She unlocks the dressing room door and then steps out of the way for me to enter. I smile, mumble a thank you, and lock it behind me. Turning around, I assess my finds. Will any of these look as good on me as they do on the hanger? I doubt it.
Alas, you can’t go to the pool in Yoga pants (Though I’ve tried. It’s hot.). My suit from last year is stretched out in all the wrong places. This has to be done. (Deep cleansing breath.)
Swimsuit shopping: I loathe it.
But it’s not just me . . . Every woman I know–whether she shops in plus-sized or petitite’s–dreads the day the dressing room mirror casts its judgement on her body in a swimsuit.
Is there an easier way to survive this annual ritual of pain? I think so . . .
I’ve bemoaned swimsuit season and encouraged you through swimsuit season related posts before. But, today I want to give you super practical suggestions on how to actually try on a swimsuit and leave the store without slumping your head into your purse.
Can swimsuit shopping be redeemed?
Read three tips for trying on a swimsuit or watch this video of Heather sharing these tips or share it with a friend who needs to hear this encouragement.
(Note: it starts loud but gets quieter – I promise!):
Tip #1: Don’t look at the tag with the picture of the lovely model wearing the suit.
You will not look like this in the swimsuit you have chosen. Chances are, the model wearing the suit doesn’t actually look like the photo either. Between Photoshop and safety pins, manufacturers can make that picture look exactly how they want it to look. You don’t have this luxury with the mirror. So, avoid the temptation! Ignore her perfect hair (while at the beach, yeah, sure that’s real!). Ignore her blemish-free tanned skin. (She’s been painted!) Ignore this tag. Period.
Trust me: comparing how you look in that suit to how she looks in that suit will not help you. At all.
If you can get away with it (i.e. if the price or UPC code isn’t on it), do yourself a favor and remove it from the suit you want before you bring it home. This will help you avoid the temptation to look later!
Tip #2: Don’t linger.
Get the suit on, look in the mirror, make sure nothing hangs out that should be tucked in. Check your top. Check your bottom. Look to the rear and make sure everything looks rated G back there, then move on. Standing, staring at yourself for minutes-on-end proves unhelpful. Even women with a body type our culture deems “perfect” will find something they don’t like about their appearance if they stare long enough. (“Was that tiny mole on my perfectly sculpted shoulder before? Hmmm…”)
Most can make an accurate assessment of a suit’s fit within seconds of trying it on. (I can tell even earlier, while trying to maneuver it over my thighs and butt!)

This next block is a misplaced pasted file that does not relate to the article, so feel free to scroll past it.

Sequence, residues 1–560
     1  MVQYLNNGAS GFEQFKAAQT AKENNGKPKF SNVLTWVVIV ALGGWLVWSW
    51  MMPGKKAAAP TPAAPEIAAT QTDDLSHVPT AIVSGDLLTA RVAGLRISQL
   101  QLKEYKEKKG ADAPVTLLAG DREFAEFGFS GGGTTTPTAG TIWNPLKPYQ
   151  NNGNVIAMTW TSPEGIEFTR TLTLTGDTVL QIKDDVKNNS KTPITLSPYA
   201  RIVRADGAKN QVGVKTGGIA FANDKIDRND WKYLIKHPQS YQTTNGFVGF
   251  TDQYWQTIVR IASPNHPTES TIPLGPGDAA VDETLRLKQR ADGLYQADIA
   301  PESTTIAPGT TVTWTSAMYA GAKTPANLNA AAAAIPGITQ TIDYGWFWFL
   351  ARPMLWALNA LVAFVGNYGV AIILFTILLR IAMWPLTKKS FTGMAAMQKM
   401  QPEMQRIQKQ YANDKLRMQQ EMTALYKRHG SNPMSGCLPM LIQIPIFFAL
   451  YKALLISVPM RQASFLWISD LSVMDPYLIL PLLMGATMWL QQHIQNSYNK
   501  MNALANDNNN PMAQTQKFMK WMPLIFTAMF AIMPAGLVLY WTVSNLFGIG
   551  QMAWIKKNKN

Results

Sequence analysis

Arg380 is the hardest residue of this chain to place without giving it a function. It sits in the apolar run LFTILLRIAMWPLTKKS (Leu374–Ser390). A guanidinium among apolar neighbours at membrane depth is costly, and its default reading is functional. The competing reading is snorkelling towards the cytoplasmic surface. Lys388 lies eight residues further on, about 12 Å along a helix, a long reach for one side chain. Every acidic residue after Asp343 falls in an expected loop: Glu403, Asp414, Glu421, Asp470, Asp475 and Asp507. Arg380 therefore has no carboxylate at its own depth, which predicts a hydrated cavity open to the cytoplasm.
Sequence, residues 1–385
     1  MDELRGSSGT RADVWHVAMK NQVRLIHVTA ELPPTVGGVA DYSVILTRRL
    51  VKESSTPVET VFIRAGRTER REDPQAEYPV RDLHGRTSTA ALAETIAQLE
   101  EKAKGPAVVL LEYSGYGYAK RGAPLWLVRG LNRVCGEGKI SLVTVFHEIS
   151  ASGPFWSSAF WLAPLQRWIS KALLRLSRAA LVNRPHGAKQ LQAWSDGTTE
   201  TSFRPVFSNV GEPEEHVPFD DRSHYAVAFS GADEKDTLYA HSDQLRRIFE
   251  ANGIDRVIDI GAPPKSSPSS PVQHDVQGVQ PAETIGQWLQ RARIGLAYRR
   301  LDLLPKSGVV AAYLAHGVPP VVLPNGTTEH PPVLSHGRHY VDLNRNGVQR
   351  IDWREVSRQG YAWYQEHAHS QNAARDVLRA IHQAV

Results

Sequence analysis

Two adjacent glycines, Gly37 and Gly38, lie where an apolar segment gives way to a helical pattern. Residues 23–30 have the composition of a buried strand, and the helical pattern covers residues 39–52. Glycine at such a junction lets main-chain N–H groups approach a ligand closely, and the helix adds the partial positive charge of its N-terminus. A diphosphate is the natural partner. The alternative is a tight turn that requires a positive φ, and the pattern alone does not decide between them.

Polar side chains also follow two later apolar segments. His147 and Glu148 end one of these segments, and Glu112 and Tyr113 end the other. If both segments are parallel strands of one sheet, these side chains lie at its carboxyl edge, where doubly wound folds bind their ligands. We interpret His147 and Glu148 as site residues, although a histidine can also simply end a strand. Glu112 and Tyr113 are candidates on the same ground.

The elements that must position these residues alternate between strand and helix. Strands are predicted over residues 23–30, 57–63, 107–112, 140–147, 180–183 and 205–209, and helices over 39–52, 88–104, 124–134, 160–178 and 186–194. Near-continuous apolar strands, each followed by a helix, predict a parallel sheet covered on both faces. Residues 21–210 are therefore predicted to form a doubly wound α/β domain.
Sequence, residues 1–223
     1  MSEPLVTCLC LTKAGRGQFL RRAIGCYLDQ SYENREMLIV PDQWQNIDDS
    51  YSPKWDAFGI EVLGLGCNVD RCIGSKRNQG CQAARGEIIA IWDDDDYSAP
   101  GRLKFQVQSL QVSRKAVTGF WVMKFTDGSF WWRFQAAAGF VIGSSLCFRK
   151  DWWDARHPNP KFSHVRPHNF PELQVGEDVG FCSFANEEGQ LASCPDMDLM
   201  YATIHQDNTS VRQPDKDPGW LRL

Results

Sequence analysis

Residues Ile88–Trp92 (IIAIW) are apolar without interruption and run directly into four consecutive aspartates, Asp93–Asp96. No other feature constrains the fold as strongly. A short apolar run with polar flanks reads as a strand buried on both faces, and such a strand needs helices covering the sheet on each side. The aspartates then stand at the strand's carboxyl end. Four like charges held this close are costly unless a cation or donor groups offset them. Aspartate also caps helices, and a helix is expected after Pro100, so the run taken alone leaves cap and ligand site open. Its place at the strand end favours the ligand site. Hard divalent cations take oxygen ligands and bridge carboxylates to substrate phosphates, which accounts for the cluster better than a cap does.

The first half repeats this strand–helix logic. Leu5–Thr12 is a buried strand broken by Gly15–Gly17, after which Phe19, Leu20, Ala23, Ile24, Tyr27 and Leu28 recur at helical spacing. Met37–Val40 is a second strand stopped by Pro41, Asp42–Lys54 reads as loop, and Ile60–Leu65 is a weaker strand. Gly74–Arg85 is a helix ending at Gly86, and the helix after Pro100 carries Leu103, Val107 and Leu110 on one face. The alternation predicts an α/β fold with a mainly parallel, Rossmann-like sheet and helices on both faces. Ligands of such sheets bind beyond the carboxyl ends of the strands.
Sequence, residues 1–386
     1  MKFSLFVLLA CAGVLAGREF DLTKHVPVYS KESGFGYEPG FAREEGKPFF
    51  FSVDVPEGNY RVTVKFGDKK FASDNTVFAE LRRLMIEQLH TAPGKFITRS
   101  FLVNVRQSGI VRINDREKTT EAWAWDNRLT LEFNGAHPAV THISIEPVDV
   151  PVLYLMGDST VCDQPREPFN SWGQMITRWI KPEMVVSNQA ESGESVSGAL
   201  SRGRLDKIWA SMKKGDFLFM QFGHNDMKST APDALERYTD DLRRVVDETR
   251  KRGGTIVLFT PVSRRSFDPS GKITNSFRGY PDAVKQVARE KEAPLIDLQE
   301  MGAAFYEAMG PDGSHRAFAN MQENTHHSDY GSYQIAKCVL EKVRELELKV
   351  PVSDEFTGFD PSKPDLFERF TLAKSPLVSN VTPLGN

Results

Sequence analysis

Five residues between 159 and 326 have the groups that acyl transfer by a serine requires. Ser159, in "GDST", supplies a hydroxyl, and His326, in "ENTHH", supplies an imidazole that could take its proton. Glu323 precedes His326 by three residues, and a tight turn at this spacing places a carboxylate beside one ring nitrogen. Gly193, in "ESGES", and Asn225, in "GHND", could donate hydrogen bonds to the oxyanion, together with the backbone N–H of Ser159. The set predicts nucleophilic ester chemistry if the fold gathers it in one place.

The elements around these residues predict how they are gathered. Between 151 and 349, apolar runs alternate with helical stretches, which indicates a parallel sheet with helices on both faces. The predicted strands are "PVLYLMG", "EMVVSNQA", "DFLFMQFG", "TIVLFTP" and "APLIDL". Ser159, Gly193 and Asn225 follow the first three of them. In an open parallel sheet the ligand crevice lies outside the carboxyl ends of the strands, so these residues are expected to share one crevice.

Practice the same technique with the next one, and the next. Choose the one that feels most comfortable. Trust your instincts. The suit you initially assess as “best” is likely the one you should choose. If it takes too much analysis or if you “talk yourself into it” you will (likely) regret it later.
(**Please Note: This my recommendation is not because you should be ashamed of your body, but rather because a woman who struggles with her body image will fall into temptation to obsess over it if she starts to stare for too long. If you like looking at yourself in the mirror, well, go ahead. But I’m guessing if you fall into this category nothing in this post has resonated with you and you’re probably reading the wrong blog!)
Oh, one final word on choosing. Don’t be a “clothing optimist!” (A term I coined in a post about cleaning out your closet!) Don’t choose the one that will look good when you lose that ten pounds or the one with the itchy strap that you’d have to replace. If it fits well, right now, and was cute enough for you to pick off the rack, go with your gut.
Tip #3: Don’t lament body love.
Lots of “experts” out there tell you just to love your body, love your cellulite, love your stretch marks . . . If you love your body first, then trying on a swimsuit is easy. So they say. Once you learn to “love what you’ve got” you’ll walk into that dressing room with a string bikini and smile and say “Wow, I look good!”
I’ve searched the whole Bible and there is no express mandate to love your physical body or to embrace the ways it evidences this fallen world. I wrote all about that recently, read it here.
hen trying on swimsuits (and always, really), that we all face the same temptation. No matter what our bodies actually looks like– if you squeeze into a size 22 or find size 4s too roomy–we who wrestle our body image put on virtual reality glasses when we look in dressing room mirrors. What we see, be it close or far from reality, is determined by what our minds and our hearts believe.
Temptation beckons us to look into that mirror and assess our value. We gaze and forget that true life is found in Christ alone, not in a better “bikini body.”
If I look in that dressing room mirror and expect to find my worth validated by the way a new tankini hugs my hips, I will walk away empty. If I stare into that glass searching my reflection for validation that I’m “enough,” I’ll never find it.
But, if my identity is securely rooted in Christ. . . if I know that God has given me a great purpose and, if I remember that he knew that purpose when he designed my body . . .
Then, even though I don’t have model thin legs or flat abs, I can relax and enjoy the summer. I can ask, “Compared to Who?” I’ll have fun in the pool with my children. I’ll walk down the beach with my husband. Then, I can lie on a lounge chair in the sun and relax, knowing that no matter what my culture tells me my body should look like, Jesus loves and accepts me.